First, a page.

Monday, November 07, 2005

Holiday Shopping on a Budget

Holidays are a time to celebrate the people in your life, the ones who make the good times better and the bad times bearable. And what better way to show your appreciation than with thoughtful and carefully handpicked gifts? Only, how expensive do gifts have to be in order to be meaningful and appreciative? I am sure everyone knows the answer to that is "not much" but there's a difference between knowing and doing. At least in my case. Every year I start with the same resolution of not spending too much but the first sight of the cozy cashmere socks that I know mom would love or the gorgeous YSL palette that my sister has been wanting and all my resolutions go out the window. After all what's money compared to the sparkling joy in the eyes of some of my favorite people in the world? But maybe, just maybe, there's a way to evoke the same emotion without breaking the bank in the process.

My idea of Christmas shopping typically consists of a long list of names and me, walking around vaguely through the glitzy aisles of dressed-up department stores. No wonder I get carried away with all the gingerbread cookie smells and christmas carols piped through the overhead stereos and before you know it I have spent too much. Not this year. This year I am determined to do better. And since I am going to be on vacation from day before Thanksgiving through mid-Dec it's even more important that I start my planning early this year. Here are some tips for others like me who never seem to be able to stick to their shopping budget to get them through this holiday season:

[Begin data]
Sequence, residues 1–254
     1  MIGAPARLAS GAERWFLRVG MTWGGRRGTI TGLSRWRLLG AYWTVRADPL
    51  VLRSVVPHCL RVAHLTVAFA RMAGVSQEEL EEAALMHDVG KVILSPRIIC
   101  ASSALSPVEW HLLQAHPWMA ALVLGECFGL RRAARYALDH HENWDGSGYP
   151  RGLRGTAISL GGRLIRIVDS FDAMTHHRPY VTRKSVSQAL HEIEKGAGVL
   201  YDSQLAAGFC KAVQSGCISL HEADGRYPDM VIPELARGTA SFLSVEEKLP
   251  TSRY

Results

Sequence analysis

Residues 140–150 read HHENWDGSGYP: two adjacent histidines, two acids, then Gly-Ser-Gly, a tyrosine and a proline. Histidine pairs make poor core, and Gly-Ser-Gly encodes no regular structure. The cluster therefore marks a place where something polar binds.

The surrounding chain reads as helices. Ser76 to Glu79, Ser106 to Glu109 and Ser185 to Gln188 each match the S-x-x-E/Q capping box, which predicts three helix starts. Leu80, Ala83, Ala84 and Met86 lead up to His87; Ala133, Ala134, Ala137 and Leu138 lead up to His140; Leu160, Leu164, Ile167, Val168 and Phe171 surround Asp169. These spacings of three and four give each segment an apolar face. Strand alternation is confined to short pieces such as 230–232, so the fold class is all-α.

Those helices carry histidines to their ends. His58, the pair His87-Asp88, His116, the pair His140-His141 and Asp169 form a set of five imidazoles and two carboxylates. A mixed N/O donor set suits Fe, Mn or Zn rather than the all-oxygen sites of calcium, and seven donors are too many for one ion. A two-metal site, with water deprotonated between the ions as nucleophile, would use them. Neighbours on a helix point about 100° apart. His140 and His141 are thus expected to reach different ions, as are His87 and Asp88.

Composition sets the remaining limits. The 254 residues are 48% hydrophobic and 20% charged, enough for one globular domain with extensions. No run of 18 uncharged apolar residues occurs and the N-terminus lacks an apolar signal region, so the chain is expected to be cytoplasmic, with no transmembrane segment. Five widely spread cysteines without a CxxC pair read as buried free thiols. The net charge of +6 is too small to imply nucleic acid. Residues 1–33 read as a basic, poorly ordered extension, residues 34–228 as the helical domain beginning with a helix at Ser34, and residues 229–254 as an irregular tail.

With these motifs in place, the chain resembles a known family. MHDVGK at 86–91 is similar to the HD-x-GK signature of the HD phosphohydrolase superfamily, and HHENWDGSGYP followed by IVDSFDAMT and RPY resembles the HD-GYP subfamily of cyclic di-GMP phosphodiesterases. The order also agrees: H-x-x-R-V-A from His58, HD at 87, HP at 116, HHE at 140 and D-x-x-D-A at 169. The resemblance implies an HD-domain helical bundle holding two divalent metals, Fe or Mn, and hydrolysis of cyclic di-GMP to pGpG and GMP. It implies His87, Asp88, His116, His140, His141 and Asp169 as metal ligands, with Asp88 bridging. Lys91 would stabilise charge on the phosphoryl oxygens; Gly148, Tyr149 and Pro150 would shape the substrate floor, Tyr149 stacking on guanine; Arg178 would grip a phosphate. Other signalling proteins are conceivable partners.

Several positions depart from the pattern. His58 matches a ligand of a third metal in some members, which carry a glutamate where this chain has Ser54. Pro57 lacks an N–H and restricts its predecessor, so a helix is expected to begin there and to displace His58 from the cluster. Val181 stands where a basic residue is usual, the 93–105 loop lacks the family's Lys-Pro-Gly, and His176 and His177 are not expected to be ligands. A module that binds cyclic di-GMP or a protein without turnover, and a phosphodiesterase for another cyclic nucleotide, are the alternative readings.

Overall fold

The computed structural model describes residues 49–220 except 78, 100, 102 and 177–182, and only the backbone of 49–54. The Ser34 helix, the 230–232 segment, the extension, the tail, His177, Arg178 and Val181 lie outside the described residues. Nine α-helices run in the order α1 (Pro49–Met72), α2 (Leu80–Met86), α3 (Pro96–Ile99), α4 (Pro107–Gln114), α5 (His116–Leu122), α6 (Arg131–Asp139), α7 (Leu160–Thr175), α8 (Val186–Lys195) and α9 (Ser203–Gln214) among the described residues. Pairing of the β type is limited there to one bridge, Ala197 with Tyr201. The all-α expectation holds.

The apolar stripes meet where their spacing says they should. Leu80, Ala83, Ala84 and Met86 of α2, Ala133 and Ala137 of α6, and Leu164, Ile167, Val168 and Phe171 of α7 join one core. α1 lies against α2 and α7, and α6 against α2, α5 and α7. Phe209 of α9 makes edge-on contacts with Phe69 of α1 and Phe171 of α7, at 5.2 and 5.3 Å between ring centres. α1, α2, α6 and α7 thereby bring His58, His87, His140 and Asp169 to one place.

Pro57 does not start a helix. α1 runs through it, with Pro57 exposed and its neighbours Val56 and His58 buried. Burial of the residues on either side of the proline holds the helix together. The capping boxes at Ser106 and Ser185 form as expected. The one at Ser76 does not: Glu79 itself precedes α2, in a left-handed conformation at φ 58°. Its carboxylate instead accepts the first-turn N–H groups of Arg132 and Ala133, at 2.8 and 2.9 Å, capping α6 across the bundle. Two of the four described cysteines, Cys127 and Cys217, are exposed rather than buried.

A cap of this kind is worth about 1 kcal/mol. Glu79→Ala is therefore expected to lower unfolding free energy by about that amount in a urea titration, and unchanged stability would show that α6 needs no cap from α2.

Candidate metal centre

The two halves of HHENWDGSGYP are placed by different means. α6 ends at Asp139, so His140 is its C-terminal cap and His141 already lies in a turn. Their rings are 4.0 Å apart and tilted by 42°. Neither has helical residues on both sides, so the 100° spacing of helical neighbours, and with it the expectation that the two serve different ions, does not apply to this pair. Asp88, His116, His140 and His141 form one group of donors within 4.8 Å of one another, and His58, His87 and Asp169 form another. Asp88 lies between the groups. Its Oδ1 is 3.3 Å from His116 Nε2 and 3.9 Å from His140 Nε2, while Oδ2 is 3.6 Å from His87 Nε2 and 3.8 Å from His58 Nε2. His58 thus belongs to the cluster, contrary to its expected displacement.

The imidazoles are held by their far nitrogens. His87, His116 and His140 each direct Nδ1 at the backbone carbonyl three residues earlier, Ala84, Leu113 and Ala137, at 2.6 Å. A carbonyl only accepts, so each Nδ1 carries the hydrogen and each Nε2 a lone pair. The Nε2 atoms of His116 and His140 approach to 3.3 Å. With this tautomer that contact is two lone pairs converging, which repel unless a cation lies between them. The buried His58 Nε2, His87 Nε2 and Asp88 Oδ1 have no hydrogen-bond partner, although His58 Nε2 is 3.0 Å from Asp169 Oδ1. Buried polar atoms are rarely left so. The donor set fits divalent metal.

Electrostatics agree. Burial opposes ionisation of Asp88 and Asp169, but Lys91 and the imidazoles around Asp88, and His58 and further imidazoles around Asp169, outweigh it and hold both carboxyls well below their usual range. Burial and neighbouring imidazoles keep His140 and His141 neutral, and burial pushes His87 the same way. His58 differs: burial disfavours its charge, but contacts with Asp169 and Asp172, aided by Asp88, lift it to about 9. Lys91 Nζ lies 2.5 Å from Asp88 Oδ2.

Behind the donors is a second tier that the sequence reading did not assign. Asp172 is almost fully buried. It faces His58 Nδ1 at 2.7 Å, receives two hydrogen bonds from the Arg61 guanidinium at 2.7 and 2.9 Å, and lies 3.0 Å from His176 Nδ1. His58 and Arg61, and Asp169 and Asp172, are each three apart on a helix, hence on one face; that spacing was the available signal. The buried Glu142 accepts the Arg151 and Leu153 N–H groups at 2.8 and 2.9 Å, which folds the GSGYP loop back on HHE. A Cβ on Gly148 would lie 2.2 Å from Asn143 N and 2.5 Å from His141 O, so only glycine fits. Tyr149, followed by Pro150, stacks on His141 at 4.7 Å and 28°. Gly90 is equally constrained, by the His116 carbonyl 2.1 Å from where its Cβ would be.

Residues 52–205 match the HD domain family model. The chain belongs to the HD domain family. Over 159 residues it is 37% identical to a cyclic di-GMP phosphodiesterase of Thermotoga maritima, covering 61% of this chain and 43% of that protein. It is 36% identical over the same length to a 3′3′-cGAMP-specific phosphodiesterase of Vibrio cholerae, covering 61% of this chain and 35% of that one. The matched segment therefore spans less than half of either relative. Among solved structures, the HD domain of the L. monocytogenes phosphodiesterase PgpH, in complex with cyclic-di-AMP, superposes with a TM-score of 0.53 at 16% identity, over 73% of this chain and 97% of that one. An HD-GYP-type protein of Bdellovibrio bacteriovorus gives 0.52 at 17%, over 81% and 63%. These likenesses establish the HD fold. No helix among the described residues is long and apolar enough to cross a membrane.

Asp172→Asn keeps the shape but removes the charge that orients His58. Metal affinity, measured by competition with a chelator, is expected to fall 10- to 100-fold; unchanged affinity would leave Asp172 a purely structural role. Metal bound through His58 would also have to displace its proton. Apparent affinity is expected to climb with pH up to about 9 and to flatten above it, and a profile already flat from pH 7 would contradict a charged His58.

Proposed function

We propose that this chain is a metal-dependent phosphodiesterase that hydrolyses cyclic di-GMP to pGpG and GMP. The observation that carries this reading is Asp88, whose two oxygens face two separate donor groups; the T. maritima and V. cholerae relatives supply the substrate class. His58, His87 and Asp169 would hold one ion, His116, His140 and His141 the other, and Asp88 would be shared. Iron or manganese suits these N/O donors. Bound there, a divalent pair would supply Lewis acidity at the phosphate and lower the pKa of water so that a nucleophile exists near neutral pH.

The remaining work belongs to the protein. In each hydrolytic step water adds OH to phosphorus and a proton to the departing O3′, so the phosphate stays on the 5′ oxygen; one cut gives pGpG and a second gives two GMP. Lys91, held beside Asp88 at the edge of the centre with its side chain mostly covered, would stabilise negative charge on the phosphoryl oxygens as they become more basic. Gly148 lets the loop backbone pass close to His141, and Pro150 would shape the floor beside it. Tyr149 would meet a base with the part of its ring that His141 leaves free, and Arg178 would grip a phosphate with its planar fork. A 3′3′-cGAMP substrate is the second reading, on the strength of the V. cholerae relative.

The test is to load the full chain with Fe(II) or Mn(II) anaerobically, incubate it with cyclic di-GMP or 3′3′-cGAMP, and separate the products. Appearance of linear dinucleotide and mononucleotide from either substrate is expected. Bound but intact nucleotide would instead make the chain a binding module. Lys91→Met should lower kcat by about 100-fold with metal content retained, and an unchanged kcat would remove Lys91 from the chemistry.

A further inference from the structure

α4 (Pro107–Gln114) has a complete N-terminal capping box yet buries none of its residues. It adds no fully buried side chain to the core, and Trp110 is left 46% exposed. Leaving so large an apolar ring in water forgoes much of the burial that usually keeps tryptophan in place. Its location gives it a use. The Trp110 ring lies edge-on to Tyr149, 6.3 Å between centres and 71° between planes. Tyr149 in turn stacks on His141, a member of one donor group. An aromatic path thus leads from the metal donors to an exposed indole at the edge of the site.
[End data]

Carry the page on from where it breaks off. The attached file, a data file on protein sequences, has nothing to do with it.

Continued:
1. Make a spending plan. Create a list with 2 columns - 1 for names and 1 for the amount you will spend on each person. Just making a list of names isn't enough. This serves two purposes. You can total it all up to see how well this stacks up against your family budget and make adjustments accordingly, and b) you can start figuring out what kind of gifts you can afford within the listed limit. e.g. if you put $50 against "Cousin - Sarah" you know that cousin Sarah is not getting the $100 pashmina wrap so instead of wasting time in that section of the store you can move on to another area where you are much more likely to find something for her.

2. Bake your own cookies. Cookies are my no-brainer gift. When I can't think of anything or am caught short of a gift I give people a tin of cookies. That generally means stocking up ahead of time with extras and they can be anything from $3 - $20 each. So why not bake some? A lot of stores sell really cute empty cookie tins. You can wash and dry them and arrange some of your famous iced gingerbread cookies (or whatever else you are famous for) or fill a cellophane bag with them and tie a pretty ribbon. Most people probably won't notice that they are homemade rather than storebought or won't care. And a few will actually be touched by your thoughtfulness more than if you had bought something off the shelf.